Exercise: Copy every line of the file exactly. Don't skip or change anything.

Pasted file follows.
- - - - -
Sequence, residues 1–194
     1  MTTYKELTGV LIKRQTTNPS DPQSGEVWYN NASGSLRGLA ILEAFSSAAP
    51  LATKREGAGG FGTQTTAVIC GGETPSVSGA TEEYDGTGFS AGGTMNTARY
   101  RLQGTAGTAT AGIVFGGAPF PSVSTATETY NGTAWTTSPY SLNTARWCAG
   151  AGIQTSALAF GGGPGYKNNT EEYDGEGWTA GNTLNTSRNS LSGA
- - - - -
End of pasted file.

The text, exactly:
Sequence, residues 1–194
     1  MTTYKELTGV LIKRQTTNPS DPQSGEVWYN NASGSLRGLA ILEAFSSAAP
    51  LATKREGAGG FGTQTTAVIC GGETPSVSGA TEEYDGTGFS AGGTMNTARY
   101  RLQGTAGTAT AGIVFGGAPF PSVSTATETY NGTAWTTSPY SLNTARWCAG
   151  AGIQTSALAF GGGPGYKNNT EEYDGEGWTA GNTLNTSRNS LSGA